The conclusion is something we've heard before from the likes of Pfeffer and others: utility tokens at scale could end up becoming these hyper efficient public goods that won't need to store much value, but will "form a utility foundation for a new kind of industry."
Multicoin's latest post is on a topic we've recently touched on with many teams we've interacted with.

Kyle's point is that capitalism basically makes it inevitable that people will fork and clone other people's crypto inventions.

It fast turns into an argument that incumbents will be the ones to do that and apply their other advantages in order to win (eg. cash, userbase, partners, supply chains etc.)

This is clearly something that teams need to have figured out when they start - and its one of the most solid arguments against useless tokens, which will are just one fork away from nothingness.
It seems that CoinList's CEO has gone down the alternative currencies rabbit-hole I've been in for the past decade.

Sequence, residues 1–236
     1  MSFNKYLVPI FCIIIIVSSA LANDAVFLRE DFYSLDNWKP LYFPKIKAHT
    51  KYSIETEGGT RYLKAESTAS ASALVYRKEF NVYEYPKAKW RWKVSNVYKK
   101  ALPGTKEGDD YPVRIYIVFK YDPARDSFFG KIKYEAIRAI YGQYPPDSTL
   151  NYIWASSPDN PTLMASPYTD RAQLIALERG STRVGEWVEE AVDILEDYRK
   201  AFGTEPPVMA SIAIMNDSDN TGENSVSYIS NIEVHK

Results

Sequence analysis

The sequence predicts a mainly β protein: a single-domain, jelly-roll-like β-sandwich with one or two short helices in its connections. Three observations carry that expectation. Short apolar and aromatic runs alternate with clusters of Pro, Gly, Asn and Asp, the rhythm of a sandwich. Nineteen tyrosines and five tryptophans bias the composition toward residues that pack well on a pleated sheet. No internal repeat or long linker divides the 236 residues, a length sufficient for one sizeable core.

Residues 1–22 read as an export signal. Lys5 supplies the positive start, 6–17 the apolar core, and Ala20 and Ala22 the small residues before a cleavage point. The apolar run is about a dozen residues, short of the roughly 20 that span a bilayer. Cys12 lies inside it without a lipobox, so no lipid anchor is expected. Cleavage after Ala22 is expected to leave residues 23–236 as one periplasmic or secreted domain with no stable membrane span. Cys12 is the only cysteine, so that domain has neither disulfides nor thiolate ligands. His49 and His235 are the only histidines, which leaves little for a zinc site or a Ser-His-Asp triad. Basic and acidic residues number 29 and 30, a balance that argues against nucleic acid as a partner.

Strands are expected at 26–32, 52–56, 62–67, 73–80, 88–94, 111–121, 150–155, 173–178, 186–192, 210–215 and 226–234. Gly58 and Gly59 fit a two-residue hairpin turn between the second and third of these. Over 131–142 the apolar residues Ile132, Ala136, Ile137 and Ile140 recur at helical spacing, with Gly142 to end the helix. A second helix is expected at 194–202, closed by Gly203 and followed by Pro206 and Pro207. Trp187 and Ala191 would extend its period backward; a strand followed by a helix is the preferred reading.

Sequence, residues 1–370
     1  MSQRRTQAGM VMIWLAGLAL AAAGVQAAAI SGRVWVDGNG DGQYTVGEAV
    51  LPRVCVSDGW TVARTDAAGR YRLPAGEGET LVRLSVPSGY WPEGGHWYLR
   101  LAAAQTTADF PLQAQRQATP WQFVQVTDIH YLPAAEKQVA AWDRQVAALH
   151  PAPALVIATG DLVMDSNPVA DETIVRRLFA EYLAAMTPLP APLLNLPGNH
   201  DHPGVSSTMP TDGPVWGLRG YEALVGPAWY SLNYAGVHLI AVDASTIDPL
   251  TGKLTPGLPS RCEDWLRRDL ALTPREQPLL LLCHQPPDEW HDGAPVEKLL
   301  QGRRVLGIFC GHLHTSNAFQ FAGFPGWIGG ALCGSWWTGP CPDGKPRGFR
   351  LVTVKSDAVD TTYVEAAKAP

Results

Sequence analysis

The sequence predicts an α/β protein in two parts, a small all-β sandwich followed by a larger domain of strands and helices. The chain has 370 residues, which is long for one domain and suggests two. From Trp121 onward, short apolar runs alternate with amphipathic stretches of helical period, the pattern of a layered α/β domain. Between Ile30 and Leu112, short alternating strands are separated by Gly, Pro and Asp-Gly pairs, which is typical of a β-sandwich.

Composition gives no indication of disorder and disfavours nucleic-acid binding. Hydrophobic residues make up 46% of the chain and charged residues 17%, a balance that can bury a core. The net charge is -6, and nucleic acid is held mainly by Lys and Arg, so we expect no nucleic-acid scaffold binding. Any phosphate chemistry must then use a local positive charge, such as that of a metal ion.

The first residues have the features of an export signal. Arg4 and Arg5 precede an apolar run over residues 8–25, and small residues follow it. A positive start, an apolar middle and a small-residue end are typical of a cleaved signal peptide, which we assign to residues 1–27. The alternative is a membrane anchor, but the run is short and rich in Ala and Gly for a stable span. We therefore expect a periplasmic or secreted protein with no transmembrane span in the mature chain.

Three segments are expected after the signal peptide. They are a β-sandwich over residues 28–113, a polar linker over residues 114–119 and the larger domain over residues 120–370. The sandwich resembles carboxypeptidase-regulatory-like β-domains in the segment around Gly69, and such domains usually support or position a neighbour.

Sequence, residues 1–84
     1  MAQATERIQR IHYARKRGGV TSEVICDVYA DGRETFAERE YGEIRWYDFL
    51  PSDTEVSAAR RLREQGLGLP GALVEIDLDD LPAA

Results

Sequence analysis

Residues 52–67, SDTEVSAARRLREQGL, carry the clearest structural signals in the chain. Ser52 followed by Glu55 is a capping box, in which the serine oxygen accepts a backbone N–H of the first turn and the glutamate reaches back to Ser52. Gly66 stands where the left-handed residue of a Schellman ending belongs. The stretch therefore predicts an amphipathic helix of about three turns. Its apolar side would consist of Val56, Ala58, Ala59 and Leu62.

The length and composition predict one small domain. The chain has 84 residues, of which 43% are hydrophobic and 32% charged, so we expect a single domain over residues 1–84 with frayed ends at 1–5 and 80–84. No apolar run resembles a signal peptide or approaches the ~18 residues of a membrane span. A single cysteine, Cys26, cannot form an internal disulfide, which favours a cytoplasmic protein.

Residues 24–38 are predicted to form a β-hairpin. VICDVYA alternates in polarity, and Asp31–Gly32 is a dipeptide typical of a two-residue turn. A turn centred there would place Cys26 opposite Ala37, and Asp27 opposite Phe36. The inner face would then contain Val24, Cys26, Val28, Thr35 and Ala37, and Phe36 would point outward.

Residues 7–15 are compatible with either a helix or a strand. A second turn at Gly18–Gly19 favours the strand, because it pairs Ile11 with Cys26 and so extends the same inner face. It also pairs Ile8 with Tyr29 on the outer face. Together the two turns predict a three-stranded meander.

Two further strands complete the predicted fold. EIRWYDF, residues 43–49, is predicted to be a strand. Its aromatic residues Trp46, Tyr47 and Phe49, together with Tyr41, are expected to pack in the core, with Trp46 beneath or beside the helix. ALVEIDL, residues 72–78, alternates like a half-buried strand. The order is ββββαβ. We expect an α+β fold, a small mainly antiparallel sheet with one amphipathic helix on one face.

This is a good post to read about charter currencies (eg. privately issued currencies used for transactions in specific ecosystems).
It is a bit sad that we haven't seen massive experimentation in this area other than the get-rich ICO thingy to justify tokens, but as an avid localcoiner this would be an area I hope to see more stuff in.
Another solid post on blockchain governance, siding cautiously (like Vitalik and Vlad) against the on-chain models that are being adopted by some of the blockchain 3.0 projects.

The argument is that on-chain governance is really hard to implement without resulting in a plutocracy and, even if one accepted that, it's still a really bad model to govern early stage experimental software trying to solve hard, technical problems (though a good model to govern a nation state).

It will be interesting to see how some of these new on-chain governance models will be playing out in the wild.

Bonus: in the meanwhile, here's a relevant perspective from a core Ethereum developer on the current governance debate around the Parity wallet frozen ETH. To fork or not to fork?